Dublab Goes in Deep for Latest Audio Venture With Metro Art, Riot on  Sunset Strip, 1966

 

By thelaegotist / /

On the Sunset Strip in 1965, an electrifying cultural scene appeared out of nowhere, exploded into several creative offshoots, and then suddenly vanished. It wasn’t a coincidence. As L.A. was emerging as the world’s media center it experienced a gold rush of music, art, and social awareness. Meanwhile, Vietnam escalated and the bulk of postwar Baby Boomers reached young adulthood. And realized their fate.

Riot On Sunset Strip, 1966 (Deep Routes #4) captures this brief period when rock ‘n’ roll and social consciousness displaced film as Hollywood’s main draw.  In this episode—which premieres this Tuesday, Sept. 1 from 3 p.m. to 4 p.m. PST on dublab.com—station DJs and hosts Domenic Priore and Becky Ebenkamp take a trip down The Strip when it was evolving from an era of glamorous dinner clubs to a hangout for teenagers who wanted to hear the electrified sounds of beat groups at Hollywood hotspots like The Trip, It’s Boss, The Hullabaloo, Whisky a Go Go, The London Fog, Bido Lito’s, and Pandora’s Box. The city had recently relaxed rules and now 15-year-olds could go to many clubs without an adult. It was officially the era of the teenybopper, and the Sunset Strip is definitely where teenagers hung out.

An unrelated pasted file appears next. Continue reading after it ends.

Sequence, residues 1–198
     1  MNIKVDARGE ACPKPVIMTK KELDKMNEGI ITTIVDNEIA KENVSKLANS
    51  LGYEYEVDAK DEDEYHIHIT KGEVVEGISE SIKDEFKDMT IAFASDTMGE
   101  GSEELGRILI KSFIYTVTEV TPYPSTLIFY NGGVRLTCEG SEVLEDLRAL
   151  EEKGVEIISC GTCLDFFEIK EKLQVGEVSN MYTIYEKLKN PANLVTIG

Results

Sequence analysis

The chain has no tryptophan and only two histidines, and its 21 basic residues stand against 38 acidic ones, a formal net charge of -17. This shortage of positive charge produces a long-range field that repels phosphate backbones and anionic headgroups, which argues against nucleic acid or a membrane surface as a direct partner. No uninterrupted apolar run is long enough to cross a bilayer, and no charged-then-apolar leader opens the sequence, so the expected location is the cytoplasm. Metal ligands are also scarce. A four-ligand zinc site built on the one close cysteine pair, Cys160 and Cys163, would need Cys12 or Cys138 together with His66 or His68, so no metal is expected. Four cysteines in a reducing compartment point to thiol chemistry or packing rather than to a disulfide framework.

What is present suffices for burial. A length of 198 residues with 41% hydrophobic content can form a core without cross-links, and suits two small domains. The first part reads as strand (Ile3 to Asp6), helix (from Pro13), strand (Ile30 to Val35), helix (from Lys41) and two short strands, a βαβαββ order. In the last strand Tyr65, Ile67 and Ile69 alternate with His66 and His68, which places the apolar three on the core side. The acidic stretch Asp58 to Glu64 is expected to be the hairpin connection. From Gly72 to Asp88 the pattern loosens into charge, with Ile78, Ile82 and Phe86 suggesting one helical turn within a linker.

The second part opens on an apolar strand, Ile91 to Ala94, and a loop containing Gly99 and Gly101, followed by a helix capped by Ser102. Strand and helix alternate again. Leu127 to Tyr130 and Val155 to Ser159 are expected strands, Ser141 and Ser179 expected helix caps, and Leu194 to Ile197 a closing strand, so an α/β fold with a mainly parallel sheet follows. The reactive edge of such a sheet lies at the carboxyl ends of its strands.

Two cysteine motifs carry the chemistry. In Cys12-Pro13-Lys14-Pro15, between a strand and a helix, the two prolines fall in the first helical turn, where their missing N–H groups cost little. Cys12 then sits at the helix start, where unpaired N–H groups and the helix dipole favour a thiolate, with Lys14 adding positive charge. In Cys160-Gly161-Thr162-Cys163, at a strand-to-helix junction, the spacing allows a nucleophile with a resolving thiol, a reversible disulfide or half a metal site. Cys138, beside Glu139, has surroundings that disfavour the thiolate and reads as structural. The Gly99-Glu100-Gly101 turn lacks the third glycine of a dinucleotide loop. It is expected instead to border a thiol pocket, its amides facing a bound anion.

Deep Routes is a programming series that local community-driven radio and arts foundation dublab created in association with Metro Art. In each episode, listeners hear from musicians who defined their scenes along with a collaged soundtrack of hand selected music, interviews, archival photos, and a broadcasted livestream of the accompanying geographies as seen from a Metro Bike as visual accompaniment.

“Hosts Becky Ebenkamp and Domenic Priore bring the riotous, youthful energy of the 1960s Sunset Strip back to brilliant light in the newest episode of Deep Routes,” said Mark “Frosty” McNeill, dublab co-founder and co-producer of the series. “The energy of this momentous scene crackles with electricity through their vivid, historical narratives while a soundtrack of paisley-powered rock provides the magic carpet for these mesmerizing stories to fly high.”

Riot On Sunset Strip, 1966, also features contributions by special dublab guests Johnny Echols, the lead guitar player for the band Love, and Sunset Strip scenemaker Pamela Des Barres, author of I’m With the Band: Confessions of a Groupie.

From the moment The Byrds debuted at Ciro’s on March 26, 1965 until the November 1966 protests, Sunset Strip clubs broke a number of legendary groups, including The Doors, Love, Buffalo Springfield, the Mothers Of Invention, Brenton Wood, The Turtles, The Chambers Brothers, and The Mamas & The Papas. Every night, bodies crammed into these once-grand clubs and spilled out onto the street, as documented in Priore’s book Riot on Sunset Strip: Rock ’n’ Roll’s Last Stand in Hollywood, on which this episode is based. Everything came to a head after repeated run-ins with cops. You’ve heard the famous song about the riots—now you can learn what it was about.

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